In a bid to get one step ahead of the coronavirus in South Australia, from midnight on Tuesday, 4 August patrons in licensed venues must be seated while consuming booze.
Patrons must be seated while drinking at licensed venues from midnight Tuesday
SPECIAL REPORT: COVID-19 ADELAIDE
In light new two new positive COVID-19 cases in South Australia, Premier Steven Marshall has announced increased restrictions for South Australia.
This story has been updated: Tuesday, 4 August.
From midnight on Tuesday, 4 August, home gatherings will be limited to 10 people – reduced from 50 – and individuals will only be allowed to consume alcohol in a licensed venue while seated.
“These are not restrictions that we put in place lightly; we hate putting these restrictions in place,” Marshall said.
“We fully appreciate the massive effect that these will have on gatherings that have already been planned… but we put them in place to keep the people in our state safe.
“We’re extraordinarily concerned about the Victorian outbreak and the potential for seeding in other jurisdictions.”
Marshall added it is “likely” Adelaide Oval will limit spectators to 10,000, fitness studios will be scrutinised, and there may be changes to density restrictions at licensed venues.
The current density restrictions allow for one person per two square metres, with no overall cap for rooms or venues.
Chief public health officer Professor Nicola Spurrier said SA Health would be looking at “high-risk activities” when considering these additional increases in restrictions.
“Unfortunately it’s when people are getting close together, adults are getting close together, and often, not always, but also when there’s associated drinking and enjoyment of alcohol, because we do all tend to get a bit disinhibited in those sorts of settings,” she said
Professor Spurrier stressed any increased restrictions brought in should not be seen as a punishment on any individual business within the sector.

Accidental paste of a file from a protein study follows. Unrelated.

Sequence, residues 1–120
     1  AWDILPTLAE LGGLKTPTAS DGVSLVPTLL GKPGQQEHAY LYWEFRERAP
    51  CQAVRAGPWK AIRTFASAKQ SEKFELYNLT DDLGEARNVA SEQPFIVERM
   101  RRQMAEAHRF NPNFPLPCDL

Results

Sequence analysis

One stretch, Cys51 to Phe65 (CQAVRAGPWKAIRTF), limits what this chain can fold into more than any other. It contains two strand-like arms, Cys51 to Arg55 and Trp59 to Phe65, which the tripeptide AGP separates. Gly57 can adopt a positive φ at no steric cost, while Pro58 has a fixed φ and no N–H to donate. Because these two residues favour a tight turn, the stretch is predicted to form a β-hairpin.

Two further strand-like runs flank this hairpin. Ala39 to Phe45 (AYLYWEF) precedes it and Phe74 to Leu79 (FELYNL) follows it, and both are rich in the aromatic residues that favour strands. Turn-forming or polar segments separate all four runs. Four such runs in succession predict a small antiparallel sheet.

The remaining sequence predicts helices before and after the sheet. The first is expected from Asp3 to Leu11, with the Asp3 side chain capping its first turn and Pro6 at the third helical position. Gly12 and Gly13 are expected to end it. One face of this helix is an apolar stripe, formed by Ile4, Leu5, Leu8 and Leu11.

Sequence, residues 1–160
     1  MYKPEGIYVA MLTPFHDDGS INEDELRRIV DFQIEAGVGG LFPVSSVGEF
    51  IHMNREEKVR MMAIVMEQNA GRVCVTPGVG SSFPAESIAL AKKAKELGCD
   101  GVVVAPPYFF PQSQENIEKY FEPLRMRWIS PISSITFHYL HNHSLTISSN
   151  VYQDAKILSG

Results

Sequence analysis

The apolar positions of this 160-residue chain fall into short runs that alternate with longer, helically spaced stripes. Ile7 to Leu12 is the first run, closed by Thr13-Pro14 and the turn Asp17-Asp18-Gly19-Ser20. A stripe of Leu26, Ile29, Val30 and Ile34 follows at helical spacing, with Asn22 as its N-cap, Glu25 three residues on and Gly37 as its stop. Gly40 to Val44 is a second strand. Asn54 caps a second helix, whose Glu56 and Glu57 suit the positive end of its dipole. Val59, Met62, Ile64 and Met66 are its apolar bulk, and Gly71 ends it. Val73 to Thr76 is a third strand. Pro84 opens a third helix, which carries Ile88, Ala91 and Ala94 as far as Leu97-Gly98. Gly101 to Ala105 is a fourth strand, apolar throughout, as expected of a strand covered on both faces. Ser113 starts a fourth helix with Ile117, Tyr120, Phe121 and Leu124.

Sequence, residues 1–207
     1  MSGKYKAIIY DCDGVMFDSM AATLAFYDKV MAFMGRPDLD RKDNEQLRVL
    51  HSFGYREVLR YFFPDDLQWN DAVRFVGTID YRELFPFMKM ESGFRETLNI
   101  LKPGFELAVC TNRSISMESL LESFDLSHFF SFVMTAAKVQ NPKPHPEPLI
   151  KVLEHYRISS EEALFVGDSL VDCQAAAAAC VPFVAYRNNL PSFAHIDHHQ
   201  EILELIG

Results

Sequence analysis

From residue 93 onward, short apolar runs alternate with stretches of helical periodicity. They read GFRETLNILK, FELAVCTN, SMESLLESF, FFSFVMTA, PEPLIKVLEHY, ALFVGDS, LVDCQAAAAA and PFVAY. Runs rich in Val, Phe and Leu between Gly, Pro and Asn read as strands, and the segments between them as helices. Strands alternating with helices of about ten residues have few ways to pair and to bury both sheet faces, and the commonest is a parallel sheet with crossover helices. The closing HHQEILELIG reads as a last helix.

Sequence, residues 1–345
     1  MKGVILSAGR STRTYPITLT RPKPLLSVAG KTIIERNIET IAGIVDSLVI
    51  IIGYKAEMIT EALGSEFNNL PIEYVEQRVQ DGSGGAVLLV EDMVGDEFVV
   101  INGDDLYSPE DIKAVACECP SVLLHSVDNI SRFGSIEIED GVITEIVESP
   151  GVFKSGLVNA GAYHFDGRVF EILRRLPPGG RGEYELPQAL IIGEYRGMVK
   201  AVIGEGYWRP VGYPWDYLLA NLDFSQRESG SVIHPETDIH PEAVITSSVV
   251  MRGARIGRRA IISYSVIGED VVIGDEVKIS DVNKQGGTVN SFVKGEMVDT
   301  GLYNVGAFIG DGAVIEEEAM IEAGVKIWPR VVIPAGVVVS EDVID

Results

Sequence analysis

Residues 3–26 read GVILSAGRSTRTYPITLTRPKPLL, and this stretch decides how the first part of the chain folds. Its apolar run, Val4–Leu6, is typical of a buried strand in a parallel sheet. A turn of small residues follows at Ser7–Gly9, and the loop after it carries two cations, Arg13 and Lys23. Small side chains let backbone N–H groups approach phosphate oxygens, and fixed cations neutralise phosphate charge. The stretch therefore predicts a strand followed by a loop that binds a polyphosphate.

“I’ve talked about the [Adelaide] Oval management and also the Adelaide Casino, and also a wide range of other entertainment venues, where they have done such a fantastic job of making it COVID safe,” she said, “so this is not in any way, when we look at more restrictions, a punishment at all on anybody in that sector. It is just that, if we leave it and we don’t get ahead of the curve with this disease, it is so difficult to catch up, as has been seen in Victoria.”
Marshall added “sensible increases in restrictions” will occur to protect South Australian businesses from the kind of restrictions currently being seen in Victoria.
“By staying in front of the curve, we can protect those jobs in the medium term, and that’s precisely what we’re focussed on,” he said.
“We are not looking at the type of restrictions that are in place in Victoria at the moment. We are probably heading towards the type of restrictions that still exist in Queensland and New South Wales.
“South Australia has had the lightest touch restrictions. We are concerned about the seeding into non-Victorian states at the moment, and we’ve gotta stay ahead of this curve. You only get one chance with a second wave.”
SA Police issued a $5,060 fine to a Hindley Street venue on Friday, 31 July when the venue was found to be operating as a nightclub, with patrons drinking and dancing.
The two new COVID-19 cases identified today in South Australia bring the state’s total number of cases to 457.
SA Health has released a COVID-19 health alert calling on anyone who attended the following three venues at the designated times and dates to immediately isolate for 14 days and seek a COVID-19 test, regardless of whether symptoms are exhibited:
• Fernwood Fitness, Salisbury Downs on Saturday, 1 August between 6pm—8:30pm
• Agha Juice House, Blair Athol on Friday 31 July between 5pm—7:30pm
• Najafi Carpet Gallery, Kilburn on Wednesday, 29 July between 5pm—8pm.
A further three locations were identified by SA Health, where people who attended at specific times are not required to self-isolate, but should monitor their symptoms. See here for more information.
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